Also, in this pre-woke world, there was no shortage of forced, hard labour. No slap on the wrist justice. A life sentence meant life, and hard labour, meant just that! This, the main entrance to Verne Citadel, probably had a welcome message carved into it’s arch.

All hope abandon, ye who enter here!

There are actually 2 prisons on Portland, the “new” one still is a prison and we had intended to visit it. There is a restaurant/cafe there, open to the public. The “good conduct” convicts are the cooks/waiters, etc, gaining work experience before release at the end of their sentence. What put us off was not porridge, but it meant another steep climb, and having experienced the first we were reluctant to receive more punishing hard labour!

After our third hard climb of the afternoon, it was a more gradual descent to the far end of the island. Here we arrived at the famous Portland Bill Light House and a much welcomed tea shop that provided tea and cake!

After that it was the climbs and descents in reverse, fortunately more and steeper descents than climbs this time!

But I omitted to mention the views!
On our way up, there were several official view points, but the climbs being so steep we just kept going. Fearing that if we did stop we would not be able start again on the very steep gradients! Now, going down we could stop and from the high vantage points, enjoy the magnificent views stretching into the distance along the coast, east and west.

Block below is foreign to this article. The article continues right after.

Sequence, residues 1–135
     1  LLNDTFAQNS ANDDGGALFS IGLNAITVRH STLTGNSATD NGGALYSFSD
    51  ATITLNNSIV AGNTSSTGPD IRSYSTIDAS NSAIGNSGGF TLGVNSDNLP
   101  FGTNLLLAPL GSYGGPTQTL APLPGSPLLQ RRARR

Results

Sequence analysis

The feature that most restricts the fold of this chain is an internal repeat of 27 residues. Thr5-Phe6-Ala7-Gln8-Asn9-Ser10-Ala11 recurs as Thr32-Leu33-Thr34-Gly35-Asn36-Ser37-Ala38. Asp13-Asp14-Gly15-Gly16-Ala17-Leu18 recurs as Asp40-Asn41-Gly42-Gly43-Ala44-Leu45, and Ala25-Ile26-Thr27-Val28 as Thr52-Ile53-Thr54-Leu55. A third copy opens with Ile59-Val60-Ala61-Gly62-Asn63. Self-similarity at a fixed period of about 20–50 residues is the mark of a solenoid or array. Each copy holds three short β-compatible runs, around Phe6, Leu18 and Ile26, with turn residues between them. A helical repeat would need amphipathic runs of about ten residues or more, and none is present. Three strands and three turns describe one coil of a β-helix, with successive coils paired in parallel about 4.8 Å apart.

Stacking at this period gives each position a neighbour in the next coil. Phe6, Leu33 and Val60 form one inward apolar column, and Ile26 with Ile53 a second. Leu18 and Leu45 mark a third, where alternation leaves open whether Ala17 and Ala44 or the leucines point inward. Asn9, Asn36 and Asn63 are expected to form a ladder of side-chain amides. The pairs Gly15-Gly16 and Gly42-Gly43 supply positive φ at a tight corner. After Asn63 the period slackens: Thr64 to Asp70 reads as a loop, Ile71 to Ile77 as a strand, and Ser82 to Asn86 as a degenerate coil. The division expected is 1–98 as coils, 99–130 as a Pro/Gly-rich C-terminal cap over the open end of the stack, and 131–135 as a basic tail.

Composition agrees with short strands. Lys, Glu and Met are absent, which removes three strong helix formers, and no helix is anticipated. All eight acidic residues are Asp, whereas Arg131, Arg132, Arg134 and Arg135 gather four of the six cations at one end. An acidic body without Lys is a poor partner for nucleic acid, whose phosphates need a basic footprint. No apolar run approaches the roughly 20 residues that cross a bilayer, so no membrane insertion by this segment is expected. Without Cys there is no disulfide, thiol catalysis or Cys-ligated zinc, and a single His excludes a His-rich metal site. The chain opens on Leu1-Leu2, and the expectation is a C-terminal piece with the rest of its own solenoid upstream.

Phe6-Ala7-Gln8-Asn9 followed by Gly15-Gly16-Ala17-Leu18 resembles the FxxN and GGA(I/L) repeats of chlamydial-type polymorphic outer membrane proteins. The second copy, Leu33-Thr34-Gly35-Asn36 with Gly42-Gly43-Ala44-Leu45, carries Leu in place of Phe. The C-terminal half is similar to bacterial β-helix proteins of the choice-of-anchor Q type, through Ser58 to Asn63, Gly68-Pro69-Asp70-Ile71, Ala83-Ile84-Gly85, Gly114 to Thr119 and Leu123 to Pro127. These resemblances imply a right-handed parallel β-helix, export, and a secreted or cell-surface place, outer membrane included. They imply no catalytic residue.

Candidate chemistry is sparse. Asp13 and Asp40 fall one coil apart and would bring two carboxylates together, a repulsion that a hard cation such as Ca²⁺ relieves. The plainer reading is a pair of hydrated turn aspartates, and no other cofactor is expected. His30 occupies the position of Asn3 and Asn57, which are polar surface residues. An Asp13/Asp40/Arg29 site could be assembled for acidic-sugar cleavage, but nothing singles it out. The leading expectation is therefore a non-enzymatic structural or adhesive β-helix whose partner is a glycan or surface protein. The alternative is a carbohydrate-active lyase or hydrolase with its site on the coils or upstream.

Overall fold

At the top of the middle climb, being the highest point on the Isle of Portland, on one side of the main road is the Portland Cenotaph. It was placed there with a view over Portland Harbour, Weymouth and the coast to the east, to commemorate the 237 local men who died in the Great War. Another 108 names were added for those who died in the Second World War. A significant number for the relatively small population on this Isle.

On the other side of the road, with magnificent views to the west, is a new addition to symbolise the Isle of Portland. Like Stonehenge and other symbols of man’s cultural connection with stone, this new attraction for tourists is a circle of huge stone blocks. In this case, Portland stone blocks, formed millions of years ago!

We are pointing at fossils of sea life, evidence of it’s antiquity!

So our first day at Weymouth had been both interesting and physically challenging. Just what a cycling holiday should be, but what would tomorrow be like?

P.S. For those interested in our Island history, and it’s military history, this is an interesting read
And there is more here!